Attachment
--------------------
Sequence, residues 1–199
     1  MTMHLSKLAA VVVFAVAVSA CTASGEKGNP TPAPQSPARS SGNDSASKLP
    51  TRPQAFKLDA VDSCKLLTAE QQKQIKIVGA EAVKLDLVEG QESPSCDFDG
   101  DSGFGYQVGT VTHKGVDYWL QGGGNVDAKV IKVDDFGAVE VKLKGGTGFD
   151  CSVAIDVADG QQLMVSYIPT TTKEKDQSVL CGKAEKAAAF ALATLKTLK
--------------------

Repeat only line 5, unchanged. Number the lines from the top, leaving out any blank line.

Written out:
   151  CSVAIDVADG QQLMVSYIPT TTKEKDQSVL CGKAEKAAAF ALATLKTLK